FRIDAY, Aug. 10, 2007 (HealthDay News) -- Compared to general hospitals, specialty orthopedic hospitals serve a healthier population of Medicare patients, a new study finds.
"We suspected that specialty orthopedic hospitals were selecting low-risk patients for admission, and that is what our analysis found," lead author Dr. Peter Cram, assistant professor of internal medicine at the University of Iowa, said in a prepared statement.
"But we also found that complications were less common in specialty hospitals even after accounting for the types of patients each hospital admitted -- this was quite surprising," Cram added.
The findings are published in the August issue of the Journal of Bone and Joint Surgery.
The researchers, from the University of Iowa and the Department of Veterans Affairs Iowa City Health Care System, found that Medicare patients who received hip or knee replacement at specialty orthopedic hospitals were about 40 percent less likely to suffer post-surgery complications than Medicare patients at general hospitals.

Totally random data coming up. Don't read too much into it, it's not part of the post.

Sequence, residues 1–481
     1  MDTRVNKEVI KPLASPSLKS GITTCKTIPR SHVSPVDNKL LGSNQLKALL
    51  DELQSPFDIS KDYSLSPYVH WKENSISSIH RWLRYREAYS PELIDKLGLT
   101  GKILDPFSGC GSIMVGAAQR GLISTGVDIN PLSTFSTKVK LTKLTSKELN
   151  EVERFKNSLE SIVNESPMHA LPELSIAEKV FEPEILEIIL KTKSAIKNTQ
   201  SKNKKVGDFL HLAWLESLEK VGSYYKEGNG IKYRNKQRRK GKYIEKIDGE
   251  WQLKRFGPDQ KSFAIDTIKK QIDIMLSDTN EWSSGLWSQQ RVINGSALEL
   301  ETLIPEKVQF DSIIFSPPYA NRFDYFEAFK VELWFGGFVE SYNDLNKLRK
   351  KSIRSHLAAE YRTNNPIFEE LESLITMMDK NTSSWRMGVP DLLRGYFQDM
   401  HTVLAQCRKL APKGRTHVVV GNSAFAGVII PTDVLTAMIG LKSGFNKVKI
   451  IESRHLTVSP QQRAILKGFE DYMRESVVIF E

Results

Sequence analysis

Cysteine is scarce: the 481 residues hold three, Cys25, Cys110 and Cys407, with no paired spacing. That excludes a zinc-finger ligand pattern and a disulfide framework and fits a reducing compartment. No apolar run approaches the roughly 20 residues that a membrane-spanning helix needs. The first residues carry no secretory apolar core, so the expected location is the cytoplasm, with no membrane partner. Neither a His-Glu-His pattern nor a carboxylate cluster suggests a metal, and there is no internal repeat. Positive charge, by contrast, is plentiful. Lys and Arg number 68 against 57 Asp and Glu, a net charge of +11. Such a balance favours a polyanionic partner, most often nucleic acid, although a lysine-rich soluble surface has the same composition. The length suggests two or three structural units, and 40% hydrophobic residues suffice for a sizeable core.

The study involved an analysis of the records of more than 150,000 Medicare patients age 65 and older who received either total hip or total knee replacement surgery between 1999 and 2003 at 38 specialty orthopedic hospitals and 517 general hospitals.
But Cram added that the findings should be interpreted with caution.
"While our study provides new information on the quality of care in specialty hospitals, it is important that these findings be replicated in populations other than Medicare patients and using other approaches to measure complications than claims data," he said.
"In addition, our study focused on surgical complications and did not analyze other important markers such as patient satisfaction, costs and symptom relief," he said.
The U.S. National Institute of Arthritis and Musculoskeletal and Skin Diseases has more about joint replacement.